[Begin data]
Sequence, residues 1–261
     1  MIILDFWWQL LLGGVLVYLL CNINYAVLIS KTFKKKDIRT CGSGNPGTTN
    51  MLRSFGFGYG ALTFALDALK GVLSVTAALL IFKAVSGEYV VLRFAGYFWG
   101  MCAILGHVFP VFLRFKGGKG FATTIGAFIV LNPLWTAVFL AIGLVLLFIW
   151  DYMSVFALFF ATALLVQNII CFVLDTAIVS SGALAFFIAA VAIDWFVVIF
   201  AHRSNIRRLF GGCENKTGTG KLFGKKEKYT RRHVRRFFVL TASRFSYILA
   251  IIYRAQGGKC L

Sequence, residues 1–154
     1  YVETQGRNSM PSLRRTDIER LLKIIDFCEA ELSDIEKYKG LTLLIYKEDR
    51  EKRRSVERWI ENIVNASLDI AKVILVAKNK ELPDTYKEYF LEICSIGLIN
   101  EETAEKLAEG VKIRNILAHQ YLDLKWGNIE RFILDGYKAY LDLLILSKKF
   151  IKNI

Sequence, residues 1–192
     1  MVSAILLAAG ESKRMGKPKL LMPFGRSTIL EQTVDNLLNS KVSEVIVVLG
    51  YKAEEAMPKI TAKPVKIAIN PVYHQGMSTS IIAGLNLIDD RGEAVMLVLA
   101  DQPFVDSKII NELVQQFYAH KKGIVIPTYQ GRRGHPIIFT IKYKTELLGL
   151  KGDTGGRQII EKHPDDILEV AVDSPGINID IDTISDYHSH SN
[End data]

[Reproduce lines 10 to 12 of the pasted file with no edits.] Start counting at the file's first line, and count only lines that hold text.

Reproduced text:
    51  EKRRSVERWI ENIVNASLDI AKVILVAKNK ELPDTYKEYF LEICSIGLIN
   101  EETAEKLAEG VKIRNILAHQ YLDLKWGNIE RFILDGYKAY LDLLILSKKF
   151  IKNI